Experience is a great teacher of “feels,” of the difficult-to-describe, nebulous emotional states that often define our day-to-day existence. The feel, when you are an obvious, unwanted outsider. The feel of the police as menace, not potential ally.
These were feels I only encountered outside of my homeland. They are, however, constant companions of far, far too many of my fellow Americans. We who live in racial and economic privilege don’t understand or refuse to understand how these complex, underlying emotions affect a person’s life.
We talk about “them,” about “good ones” versus “bad ones” when we white people parse the actions of young black men in their interactions with the police. We commit reckless acts of moral judgement.
We ignore the important majority. Those who live with the feel of oppression, the pain in your gut, in your heart, who live an unrelenting chant that confirms their second-class citizenship–and yet go about their lives, loving, working hard, making homes and families. Most people struggle with the feel, yet function within the system stacked against them. Some do so with great grace and elegance and dignity. What a victory!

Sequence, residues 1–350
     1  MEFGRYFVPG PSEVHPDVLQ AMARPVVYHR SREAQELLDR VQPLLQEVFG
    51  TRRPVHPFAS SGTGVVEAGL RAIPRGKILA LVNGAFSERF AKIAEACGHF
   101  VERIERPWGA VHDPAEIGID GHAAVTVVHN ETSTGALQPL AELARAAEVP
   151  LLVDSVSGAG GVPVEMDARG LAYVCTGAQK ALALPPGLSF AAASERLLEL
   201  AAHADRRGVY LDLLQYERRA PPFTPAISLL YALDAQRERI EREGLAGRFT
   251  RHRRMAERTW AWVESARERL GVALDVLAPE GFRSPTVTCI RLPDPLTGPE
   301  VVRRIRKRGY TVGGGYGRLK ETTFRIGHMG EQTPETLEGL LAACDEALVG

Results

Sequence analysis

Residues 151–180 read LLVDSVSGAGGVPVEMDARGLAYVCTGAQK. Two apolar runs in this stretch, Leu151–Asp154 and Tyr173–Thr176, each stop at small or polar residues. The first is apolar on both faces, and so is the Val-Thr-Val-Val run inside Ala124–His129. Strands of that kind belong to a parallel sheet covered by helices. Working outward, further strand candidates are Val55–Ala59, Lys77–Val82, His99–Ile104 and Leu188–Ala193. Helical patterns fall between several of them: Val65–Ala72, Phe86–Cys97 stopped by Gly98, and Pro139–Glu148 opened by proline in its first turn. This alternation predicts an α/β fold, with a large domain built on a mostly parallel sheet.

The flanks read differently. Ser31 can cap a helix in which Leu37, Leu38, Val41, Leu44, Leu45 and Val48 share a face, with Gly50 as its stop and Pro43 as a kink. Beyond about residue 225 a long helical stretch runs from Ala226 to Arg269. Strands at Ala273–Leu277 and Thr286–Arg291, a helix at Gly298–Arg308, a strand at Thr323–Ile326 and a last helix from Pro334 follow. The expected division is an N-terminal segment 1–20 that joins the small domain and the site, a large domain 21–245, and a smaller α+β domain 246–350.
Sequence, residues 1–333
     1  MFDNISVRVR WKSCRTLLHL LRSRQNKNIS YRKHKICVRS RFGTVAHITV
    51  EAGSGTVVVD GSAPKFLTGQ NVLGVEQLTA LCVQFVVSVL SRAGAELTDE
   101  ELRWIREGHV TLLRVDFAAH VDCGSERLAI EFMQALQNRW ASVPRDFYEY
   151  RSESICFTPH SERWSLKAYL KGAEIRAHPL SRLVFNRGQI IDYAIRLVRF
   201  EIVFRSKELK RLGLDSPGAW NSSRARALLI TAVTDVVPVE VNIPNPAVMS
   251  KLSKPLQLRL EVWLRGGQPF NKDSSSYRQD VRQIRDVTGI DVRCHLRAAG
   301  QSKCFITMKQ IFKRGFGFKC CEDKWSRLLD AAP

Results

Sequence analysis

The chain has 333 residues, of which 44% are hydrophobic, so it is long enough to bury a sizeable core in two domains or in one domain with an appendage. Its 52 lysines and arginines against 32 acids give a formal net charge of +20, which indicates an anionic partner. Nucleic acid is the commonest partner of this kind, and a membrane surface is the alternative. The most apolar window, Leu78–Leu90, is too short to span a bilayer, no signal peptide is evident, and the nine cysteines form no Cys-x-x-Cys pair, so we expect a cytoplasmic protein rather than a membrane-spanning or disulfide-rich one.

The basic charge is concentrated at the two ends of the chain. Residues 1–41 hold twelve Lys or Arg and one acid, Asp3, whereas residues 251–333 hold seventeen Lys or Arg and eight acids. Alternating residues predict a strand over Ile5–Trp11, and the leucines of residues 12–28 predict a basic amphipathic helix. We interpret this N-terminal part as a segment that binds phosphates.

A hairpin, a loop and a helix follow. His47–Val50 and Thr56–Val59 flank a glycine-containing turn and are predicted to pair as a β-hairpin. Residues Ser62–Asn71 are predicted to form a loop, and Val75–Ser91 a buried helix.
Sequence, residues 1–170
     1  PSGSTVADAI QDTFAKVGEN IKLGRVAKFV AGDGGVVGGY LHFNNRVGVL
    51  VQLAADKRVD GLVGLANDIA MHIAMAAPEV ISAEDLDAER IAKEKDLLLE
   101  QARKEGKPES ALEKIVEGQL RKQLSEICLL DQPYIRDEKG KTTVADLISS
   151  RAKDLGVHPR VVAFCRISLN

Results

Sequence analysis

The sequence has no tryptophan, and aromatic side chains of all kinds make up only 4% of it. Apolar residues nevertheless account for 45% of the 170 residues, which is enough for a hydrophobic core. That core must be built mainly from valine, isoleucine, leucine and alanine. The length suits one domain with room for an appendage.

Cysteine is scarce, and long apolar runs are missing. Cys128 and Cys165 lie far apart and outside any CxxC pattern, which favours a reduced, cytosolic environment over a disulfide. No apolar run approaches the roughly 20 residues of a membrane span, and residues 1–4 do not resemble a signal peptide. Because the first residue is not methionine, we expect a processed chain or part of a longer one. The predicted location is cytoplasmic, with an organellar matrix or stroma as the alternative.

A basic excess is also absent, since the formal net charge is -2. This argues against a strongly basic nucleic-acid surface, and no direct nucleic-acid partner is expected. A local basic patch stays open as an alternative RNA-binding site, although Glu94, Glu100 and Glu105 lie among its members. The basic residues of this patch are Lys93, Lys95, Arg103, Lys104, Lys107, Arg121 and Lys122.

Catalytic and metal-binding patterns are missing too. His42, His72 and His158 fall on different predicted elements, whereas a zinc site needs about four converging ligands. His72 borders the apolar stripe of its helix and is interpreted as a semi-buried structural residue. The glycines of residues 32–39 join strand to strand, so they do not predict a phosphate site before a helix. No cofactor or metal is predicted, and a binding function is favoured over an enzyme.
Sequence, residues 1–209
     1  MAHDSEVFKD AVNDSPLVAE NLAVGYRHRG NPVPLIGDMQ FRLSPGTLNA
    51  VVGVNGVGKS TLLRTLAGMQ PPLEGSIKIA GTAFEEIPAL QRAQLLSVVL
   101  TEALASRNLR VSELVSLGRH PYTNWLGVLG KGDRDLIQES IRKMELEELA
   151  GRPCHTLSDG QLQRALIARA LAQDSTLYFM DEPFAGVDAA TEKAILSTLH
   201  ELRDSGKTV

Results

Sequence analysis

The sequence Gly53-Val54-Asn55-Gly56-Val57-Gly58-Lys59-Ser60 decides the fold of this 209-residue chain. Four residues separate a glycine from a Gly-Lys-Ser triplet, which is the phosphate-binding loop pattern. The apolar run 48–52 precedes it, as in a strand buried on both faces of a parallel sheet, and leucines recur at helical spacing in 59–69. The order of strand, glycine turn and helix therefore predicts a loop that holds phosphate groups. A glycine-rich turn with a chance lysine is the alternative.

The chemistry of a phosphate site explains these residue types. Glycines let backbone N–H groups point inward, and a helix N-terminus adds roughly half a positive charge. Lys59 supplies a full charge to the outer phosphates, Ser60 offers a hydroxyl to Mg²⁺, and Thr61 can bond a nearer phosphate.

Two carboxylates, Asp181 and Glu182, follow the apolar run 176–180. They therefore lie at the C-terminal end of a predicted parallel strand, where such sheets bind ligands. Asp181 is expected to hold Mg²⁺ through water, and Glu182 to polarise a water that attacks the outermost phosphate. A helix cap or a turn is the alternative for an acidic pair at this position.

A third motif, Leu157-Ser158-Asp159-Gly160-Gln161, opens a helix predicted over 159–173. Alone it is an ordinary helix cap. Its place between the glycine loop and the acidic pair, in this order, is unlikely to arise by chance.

I have a friend, an online friend, who works as a teacher in a remote area of a very poor country. The town where he teaches was until recently a bastion of religious extremism. He himself hails from an ethnic minority, from a devoutly religious family. He had a long fascination with guns. Yet he decided to pursue his education and found a passion for science, a passion he keeps alive in very adverse conditions. His life could have gone another way entirely.
Yet we don’t sing his praises. We don’t bother to see his struggle and his victory in making his life. By virtue of his birth and location, he is still a potential terrorist, like all the rest of “those people.”
Similarly, we white folk don’t see the millions who beat back rage, despair, fear, loathing, profound psychological pain. Who refuse to bow to the worst sides of humanity. We forget the 1oo days of peaceful protest in favor of judging the outbreak of violence, carried out by a few. We paint all with the brush of our predetermined assumptions. We ignore the evidence, the reality-shaping force of feels. It is our job to listen, to correct this blindness in ourselves.
I repeat: This is OUR job. No one else’s.